(BPT) – The arrival of El Niño weather conditions from the Pacific has made the summer of 2023 one of the hottest on record. Hotter conditions don’t just make it uncomfortable for you; it also takes its toll on your home. This extreme heat can lead to significant damage and costly repairs.
“Scorching temperatures can cause your home’s structure to expand and contract, putting stress on the physical building,” said Bonnie Lee, Vice President of Property Claims at Mercury Insurance. “Homeowners can protect their property by performing routine inspections of their home, even during the summer months, to identify any problems and take appropriate measures to address them.”
Hot weather has a major impact on your roof. Roofs are particularly vulnerable to heat damage because of their constant exposure to the elements. Under persistent exposure to high temperatures, roofing materials can warp and crack, leading to leakages. Heat also tends to dry out caulking and may weaken the structural integrity of roofing components. Homes with attics may also experience extra heat because airflow is typically stagnant in this area, which can increase the temperature in the home.
During the summer, check on your roof’s insulation. Insulation prevents excessive heat from penetrating indoors, reducing the workload on your roof as well as the wear and tear on your heating and air conditioning system. Make sure to also examine ceilings and walls for water stains or spots that could indicate a leak from your roof. Schedule a routine roof inspection and attend to any small repairs that may be needed before the rainier weather sets in.
“Catching and fixing minor issues before they escalate into major problems can prolong the lifespan of your roof so it remains resilient against all kinds of weather,” said Lee.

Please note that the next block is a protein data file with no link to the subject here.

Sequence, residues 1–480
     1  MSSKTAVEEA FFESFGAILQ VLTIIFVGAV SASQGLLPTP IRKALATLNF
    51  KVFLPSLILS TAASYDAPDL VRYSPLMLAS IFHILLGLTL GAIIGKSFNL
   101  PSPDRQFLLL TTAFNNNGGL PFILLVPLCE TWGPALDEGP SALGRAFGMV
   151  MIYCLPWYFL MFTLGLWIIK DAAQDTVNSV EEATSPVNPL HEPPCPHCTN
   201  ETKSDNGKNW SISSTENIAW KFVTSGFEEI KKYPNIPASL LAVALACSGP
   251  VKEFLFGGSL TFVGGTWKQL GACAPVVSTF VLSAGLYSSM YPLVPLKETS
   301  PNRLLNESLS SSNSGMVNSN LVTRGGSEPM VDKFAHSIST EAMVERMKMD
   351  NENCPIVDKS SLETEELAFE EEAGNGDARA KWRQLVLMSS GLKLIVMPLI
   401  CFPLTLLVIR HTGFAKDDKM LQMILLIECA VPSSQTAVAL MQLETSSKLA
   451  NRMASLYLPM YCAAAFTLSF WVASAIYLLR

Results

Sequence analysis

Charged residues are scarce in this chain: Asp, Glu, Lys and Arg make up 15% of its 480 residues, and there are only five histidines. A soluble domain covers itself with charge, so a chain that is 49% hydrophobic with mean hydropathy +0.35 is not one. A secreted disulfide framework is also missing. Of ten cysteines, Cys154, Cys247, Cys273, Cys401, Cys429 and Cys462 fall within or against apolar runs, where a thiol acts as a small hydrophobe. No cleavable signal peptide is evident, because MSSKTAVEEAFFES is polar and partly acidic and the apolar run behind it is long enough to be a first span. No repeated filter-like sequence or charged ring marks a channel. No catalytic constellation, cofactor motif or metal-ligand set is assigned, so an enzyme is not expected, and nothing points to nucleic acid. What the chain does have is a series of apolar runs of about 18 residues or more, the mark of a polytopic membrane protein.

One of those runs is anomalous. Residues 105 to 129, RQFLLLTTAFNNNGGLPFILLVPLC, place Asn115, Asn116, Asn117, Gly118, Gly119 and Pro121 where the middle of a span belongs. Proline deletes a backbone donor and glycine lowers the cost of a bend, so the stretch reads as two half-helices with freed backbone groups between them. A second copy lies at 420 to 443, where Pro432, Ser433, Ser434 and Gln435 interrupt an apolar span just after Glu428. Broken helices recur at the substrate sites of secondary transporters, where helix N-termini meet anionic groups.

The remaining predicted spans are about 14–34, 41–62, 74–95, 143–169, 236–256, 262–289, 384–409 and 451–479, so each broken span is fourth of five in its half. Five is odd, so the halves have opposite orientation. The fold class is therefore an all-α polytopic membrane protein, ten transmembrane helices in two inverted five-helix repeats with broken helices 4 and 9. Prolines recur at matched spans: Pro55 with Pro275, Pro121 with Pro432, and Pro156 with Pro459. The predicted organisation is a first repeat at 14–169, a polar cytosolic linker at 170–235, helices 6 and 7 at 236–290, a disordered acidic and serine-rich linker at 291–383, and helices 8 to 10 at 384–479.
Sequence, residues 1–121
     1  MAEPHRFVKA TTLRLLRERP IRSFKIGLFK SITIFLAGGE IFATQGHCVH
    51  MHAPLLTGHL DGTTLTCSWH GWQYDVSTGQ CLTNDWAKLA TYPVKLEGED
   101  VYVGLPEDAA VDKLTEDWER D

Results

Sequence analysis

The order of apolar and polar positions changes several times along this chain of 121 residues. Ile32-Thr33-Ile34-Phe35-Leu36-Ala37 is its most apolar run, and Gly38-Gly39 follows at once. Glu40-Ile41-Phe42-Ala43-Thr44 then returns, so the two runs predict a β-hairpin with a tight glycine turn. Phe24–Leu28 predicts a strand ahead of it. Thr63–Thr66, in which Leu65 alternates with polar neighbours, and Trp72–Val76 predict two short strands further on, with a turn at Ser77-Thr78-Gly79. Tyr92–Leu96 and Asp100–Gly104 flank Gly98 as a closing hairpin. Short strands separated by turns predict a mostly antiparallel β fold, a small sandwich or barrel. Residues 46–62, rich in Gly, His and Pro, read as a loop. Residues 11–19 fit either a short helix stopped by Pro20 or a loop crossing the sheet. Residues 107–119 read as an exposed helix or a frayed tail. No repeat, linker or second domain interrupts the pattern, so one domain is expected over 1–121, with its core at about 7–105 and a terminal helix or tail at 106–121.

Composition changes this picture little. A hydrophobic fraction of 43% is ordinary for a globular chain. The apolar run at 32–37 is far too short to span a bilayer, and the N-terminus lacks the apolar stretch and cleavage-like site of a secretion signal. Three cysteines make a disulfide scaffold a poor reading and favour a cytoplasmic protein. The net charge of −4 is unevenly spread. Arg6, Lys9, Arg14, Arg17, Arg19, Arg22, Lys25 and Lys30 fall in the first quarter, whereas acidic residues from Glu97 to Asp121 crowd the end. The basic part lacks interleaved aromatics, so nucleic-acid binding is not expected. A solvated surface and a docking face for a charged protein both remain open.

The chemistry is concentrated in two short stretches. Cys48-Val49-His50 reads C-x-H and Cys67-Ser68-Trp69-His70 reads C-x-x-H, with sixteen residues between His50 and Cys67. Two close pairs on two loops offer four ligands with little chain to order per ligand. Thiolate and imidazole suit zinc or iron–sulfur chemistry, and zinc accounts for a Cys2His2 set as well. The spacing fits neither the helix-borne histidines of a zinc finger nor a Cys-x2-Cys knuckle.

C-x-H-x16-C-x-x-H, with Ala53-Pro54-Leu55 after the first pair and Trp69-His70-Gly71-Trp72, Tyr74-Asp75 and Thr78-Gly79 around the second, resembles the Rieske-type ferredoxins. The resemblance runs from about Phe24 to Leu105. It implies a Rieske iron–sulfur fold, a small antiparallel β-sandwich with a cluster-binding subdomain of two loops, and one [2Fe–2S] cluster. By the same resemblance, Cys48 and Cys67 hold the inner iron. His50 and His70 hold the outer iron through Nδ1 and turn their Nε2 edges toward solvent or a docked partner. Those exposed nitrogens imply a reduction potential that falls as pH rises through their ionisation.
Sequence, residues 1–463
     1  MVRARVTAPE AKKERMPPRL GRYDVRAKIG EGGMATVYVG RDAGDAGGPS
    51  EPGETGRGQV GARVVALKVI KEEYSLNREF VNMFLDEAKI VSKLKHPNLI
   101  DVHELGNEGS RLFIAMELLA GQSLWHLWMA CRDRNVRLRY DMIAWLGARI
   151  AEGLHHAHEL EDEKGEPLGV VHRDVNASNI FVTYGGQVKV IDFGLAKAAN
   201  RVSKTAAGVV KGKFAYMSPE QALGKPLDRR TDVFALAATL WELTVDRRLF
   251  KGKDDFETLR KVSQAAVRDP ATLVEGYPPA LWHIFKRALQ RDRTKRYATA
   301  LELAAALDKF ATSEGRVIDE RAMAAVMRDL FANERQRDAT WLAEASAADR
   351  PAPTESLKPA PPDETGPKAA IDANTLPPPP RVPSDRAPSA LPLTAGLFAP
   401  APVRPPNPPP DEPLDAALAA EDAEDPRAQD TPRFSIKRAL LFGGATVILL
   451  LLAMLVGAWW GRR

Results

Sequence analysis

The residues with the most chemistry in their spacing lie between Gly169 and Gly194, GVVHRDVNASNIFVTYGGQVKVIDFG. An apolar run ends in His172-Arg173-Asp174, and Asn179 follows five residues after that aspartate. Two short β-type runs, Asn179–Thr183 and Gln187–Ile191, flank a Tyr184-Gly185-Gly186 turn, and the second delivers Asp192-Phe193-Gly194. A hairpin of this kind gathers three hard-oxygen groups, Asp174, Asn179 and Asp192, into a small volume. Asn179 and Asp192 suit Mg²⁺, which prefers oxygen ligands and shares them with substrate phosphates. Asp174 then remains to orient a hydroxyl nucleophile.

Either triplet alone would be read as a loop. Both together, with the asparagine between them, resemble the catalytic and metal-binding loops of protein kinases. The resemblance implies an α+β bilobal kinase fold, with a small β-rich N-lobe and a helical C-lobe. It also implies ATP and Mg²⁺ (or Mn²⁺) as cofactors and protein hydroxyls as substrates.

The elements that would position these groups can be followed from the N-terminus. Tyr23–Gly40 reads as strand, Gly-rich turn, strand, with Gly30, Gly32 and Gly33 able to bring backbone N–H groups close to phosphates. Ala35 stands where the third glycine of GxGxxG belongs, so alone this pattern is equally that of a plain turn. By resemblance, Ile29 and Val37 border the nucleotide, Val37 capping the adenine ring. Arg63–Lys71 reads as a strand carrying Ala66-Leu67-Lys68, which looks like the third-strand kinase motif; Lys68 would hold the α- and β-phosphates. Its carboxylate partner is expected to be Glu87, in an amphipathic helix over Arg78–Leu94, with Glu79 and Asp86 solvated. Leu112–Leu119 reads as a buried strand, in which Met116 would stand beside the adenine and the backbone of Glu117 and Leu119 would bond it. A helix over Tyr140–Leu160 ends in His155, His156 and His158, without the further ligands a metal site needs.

Dry soil affects your foundation. The dehydrating effects of heat from the hotter months can cause structural damage to the foundation of your home. The foundation relies on the surrounding soil as a consistent support system. As the ground heats up and moisture evaporates, the soil can separate from the home which can lead to instability.
Large trees close to the home can compromise the ground around your foundation, as they draw moisture through their roots and quickly dry out the dirt. If you have large trees near the perimeter of your home, make sure they are getting adequate moisture so they don’t drain all the water from the surrounding soil. Consider using a timed sprinkler system to keep the grounds around your home hydrated.
Protect pipes from extreme heat. It may come as a surprise, but water leaks in your home tend to occur more frequently when temperatures rise. Heat can cause pipes to expand, leading to leaks and bursts. In fact, July is known to be one of the busiest months for homeowners’ claims related to water damage, especially those caused by blocked HVAC drains. Water damage accounts for nearly half of all homeowners’ claims.
Check the caulking and sealing around your pipes and look for any cracks or tears in appliance hosing regularly. Damaged pipes and hoses can cause significant water damage, making it important to replace them at the first sign of compromise.
Water leak detection devices are an excellent tool for identifying various types of leaks, even the ones that are hidden from sight. Professionally installed water pressure sensors that monitor water flow, for example, can send a notification to a homeowner’s smartphone to let them know of a potential issue. Insurance companies like Mercury will often provide a discount for homes that implement water leak detection devices.
Safeguard areas around windows and doors. Prolonged exposure to heat can cause caulking around windows and doors to dry out and crack, compromising their energy efficiency and making them vulnerable to air and water leaks. If you notice dry or cracked caulking, remove as much of it as possible and reseal. Weather stripping installed in these areas will help to keep hot air from entering the home and cool air from escaping.
“To protect your home from the extreme heat, conduct routine maintenance before, during and after the summer season to help avoid costly repairs,” said Lee. “A little preventive maintenance can go a long way in avoiding heat-related damage to your home.”